Structural implications of the mutated SCN9A gene product. A) Multiple alignment of amino acid sequences from the S6 transmembrane segments in domain IV from human Nav1.2, 1.5, and 1.7 with the S6 pore-lining segment from NavAb [15]. B) Crystal structure of a voltage-gated sodium channel from Arcobacter butzleri (NavAb) (PDB code 3rvz) [15] viewed from the intracellular side of the membrane (left) and from the side (right), with the identified mutant position indicated.


Patient 1 was initially diagnosed with SUNA based on the symptoms of unilateral temporal headaches lasting 20–90 s in association with cranial autonomic symptoms. However, harlequin-type flushing and pain of the external genitalia accompanied headache in some of her relatives, representing a quite unusual occurrence in SUNA. The p.Val1740Leu mutation in SCN9A, identified in all affected family members, but not in any unaffected members, suggested that the clinical condition in this family may be regarded as a novel variant of PEPD. Although headaches not localized to the orbital and submaxillary areas have not been reported in PEPD, the unusual aspects of headache-associated phenomena were reminiscent of those in PEPD.

SISCOM findings from a patient in the present family support the idea that augmented excitation of the trigeminal nerve is essential for the emergence of headaches in certain cases of short-lasting, unilateral headaches. Functional MRI studies have revealed functional changes in the nervous systems accompanying similar short-lasting, unilateral headaches in the trigeminal areas as follows: activation of the red nucleus, ventral pons, trigeminal root entry zone, and hypothalamus ipsilateral to the pain side in subjects with cluster headache [16], activation in the region of the ipsilateral hypothalamic gray matter in short-lasting unilateral neuralgiform headache attacks with conjunctival injection and tearing (SUNCT) [17], and bilateral hypothalamic activation during the pain attacks in a SUNCT patient [18]. This last patient became completely pain-free after surgical decompression of the ipsilateral trigeminal nerve. We hypothesized that a peripheral trigger with ectopic excitation may have contributed to the clinical picture of SUNCT in this patient. In addition, SPECT images of two patients with SUNA showed normal tracer uptake and symmetric perfusion during headache episodes [19]. The hyperperfusion observed at the trigeminal root entry zone in this study may support the trigeminovascular theory for the pathogenesis of migraines and trigeminal autonomic cephalalgia, assuming a primary pathological activation of trigeminal ganglion cells and resultant antidromic pain generation through neuropeptide release at the vessel walls. The provocation of headache by repetitive stimulation of somatosensory afferents is important, because cluster-like attacks can be provoked in cluster headache patients by experimental low-frequency stimulation of the sphenopalatine ganglion at 5 Hz [20]. This phenomenon may be related to aberrant Nav1.7 function, and the possibility of a role for mutant SCN9A in the scheme of trigeminovascular theory requires further study.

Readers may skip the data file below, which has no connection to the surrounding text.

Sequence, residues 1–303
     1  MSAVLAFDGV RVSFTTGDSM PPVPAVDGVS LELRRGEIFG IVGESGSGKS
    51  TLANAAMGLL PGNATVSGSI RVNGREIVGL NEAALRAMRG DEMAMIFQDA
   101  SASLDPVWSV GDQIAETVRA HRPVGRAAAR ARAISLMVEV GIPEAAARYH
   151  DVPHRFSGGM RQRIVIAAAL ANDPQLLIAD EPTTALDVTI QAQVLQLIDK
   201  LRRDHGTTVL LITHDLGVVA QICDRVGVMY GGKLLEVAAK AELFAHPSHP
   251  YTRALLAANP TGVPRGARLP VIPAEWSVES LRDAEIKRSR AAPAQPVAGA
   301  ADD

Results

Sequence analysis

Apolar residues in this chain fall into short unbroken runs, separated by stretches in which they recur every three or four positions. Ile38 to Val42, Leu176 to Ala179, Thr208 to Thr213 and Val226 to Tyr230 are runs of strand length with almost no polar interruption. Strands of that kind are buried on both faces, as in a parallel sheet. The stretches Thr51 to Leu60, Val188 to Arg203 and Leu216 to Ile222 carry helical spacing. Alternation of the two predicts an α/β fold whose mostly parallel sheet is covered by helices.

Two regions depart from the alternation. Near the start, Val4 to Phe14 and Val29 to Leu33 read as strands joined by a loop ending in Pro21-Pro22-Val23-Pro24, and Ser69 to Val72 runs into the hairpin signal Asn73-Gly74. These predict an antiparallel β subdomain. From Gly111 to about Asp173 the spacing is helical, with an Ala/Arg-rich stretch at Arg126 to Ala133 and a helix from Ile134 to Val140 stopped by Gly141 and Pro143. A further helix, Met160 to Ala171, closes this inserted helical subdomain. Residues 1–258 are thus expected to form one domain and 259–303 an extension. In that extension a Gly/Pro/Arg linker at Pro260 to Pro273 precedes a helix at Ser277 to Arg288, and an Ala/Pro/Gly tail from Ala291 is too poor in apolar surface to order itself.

Lastly, it is interesting that the mutations causing PEPD are mostly located on the C-terminal half of the SCN9 protein, as commonly seen in the present family, whereas those related to Dravet syndrome/febrile convulsions are located on the N-terminal half (Figure 4C). Differential impact from the site of SCN9A mutations on the function in peripheral pain control and excitation of cortical neurons is assumed.